There is just enough world building to know it’s the future and not on earth but the descriptions and terms used didn’t get overboard or distracting. Which could be good or bad depending on why someone wants to read the novel. If some hints and triggers of future time were removed, it could just as easily take place here and now. People drink coffee, go to beauty salons, deal with mass transit and are still stuck with Human Resource Departments. That last bit is more than a little depressing.

The dry, deadpan humor is just the type I like. Liv is fun to listen to and I enjoyed seeing things from her POV as well. But she’s far from perfect – either as a person or as an observer as she sometimes misses little things like why wouldn’t their criminal associate bug the room Liv and Tonio are staying in and did she really think she’d keep her mother’s identity a secret? She’s a tough person, though she does have her Achilles’ heel, but she’s also loyal to those whom she loves. I think this balances out the fact that she’s an outright thief and wonderful liar. Hooray for an occasional heroine who isn’t a goody-two-shoes.

True to its title, “Rulebreaker” has lots of conflict and tension – business, family, law and sexual. Liv and Tonio’s marriage ended badly yet they have to find a way to work together to pull off this deal. After she was basically kicked out at age 16 by her grifter mother, Liv doesn’t welcome Sabine back with open arms yet Sabine’s input and knowledge might be just what is needed to get the information required. The mega corporation the group is attempting to blackmail might be about to revolutionize the industry or hiding a black secret that does need to be uncovered. Liv does hint that she’s been sexually attracted to women before though obviously she’s never acted on it.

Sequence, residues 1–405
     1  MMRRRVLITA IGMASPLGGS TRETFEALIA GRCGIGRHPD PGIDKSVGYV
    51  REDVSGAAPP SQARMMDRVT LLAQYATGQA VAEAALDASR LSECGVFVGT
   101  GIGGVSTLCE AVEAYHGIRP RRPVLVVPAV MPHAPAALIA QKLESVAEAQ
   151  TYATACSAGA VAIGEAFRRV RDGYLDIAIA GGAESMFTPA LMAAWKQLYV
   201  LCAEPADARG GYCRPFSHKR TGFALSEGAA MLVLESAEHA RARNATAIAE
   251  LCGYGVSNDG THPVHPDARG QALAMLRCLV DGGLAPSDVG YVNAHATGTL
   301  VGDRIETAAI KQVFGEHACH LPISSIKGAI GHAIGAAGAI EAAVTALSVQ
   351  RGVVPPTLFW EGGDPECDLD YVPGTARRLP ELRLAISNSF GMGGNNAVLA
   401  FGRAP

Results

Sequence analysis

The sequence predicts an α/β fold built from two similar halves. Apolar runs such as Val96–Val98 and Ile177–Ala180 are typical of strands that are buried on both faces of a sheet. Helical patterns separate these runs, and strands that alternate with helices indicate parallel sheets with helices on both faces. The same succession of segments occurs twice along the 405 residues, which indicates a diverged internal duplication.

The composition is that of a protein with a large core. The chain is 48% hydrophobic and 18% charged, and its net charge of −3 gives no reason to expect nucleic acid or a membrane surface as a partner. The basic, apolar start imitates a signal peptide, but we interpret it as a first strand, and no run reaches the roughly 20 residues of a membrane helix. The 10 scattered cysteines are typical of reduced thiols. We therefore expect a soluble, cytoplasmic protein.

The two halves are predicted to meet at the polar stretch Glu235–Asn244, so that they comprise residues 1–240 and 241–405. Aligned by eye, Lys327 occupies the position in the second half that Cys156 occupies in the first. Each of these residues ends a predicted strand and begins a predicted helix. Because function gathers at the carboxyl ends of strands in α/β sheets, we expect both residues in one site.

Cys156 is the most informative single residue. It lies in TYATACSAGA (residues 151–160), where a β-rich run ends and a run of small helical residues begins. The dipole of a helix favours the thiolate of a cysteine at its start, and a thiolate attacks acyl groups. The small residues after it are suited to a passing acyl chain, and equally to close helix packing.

It’s a well written, emotionally engaging, tight narrative which doesn’t wander all over the place. But the story works better as corporate espionage than as a romance. I actually like that the kind of information Liv is searching for isn’t revealed as it kept me interested in not only if and how Liv would get it but also in what it actually is and how the criminals would use it. The nuts and bolts of how Liv goes about her job and her search sound realistic and her near misses with her boss and others added tension and stretched nerves. And that was before a final twist which cranks up the danger to Liv from both sides of the law.

If the book had focused only on suspense, my grade would be higher but it is also supposed to be Liv falling for her boss, Zia. Their relationship starts quietly with questioning glances then touches which get more and more heated then – suddenly – BAM! it’s sex – albeit tender – and then whoosh! into the “I Love Yous.” Sorry but the pace was just too fast for me to completely buy into not only a HEA but one with a gender Liv hasn’t spent a lot of time contemplating sexually before.

As I said, I do want to go back and pick up the novella that prefaces this book and already have the full length novel that follows but while the espionage kept me interested here, the romance let me down. C